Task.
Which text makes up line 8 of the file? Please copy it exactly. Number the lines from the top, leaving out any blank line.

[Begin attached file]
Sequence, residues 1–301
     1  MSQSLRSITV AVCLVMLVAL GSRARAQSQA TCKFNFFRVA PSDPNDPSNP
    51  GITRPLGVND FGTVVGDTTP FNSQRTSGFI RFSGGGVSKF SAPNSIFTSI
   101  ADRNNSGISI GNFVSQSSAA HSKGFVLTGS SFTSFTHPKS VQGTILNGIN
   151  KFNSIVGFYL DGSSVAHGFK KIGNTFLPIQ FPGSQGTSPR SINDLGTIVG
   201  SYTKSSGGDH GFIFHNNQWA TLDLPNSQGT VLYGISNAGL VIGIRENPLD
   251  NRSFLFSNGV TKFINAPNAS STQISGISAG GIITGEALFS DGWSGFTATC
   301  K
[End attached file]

   301  K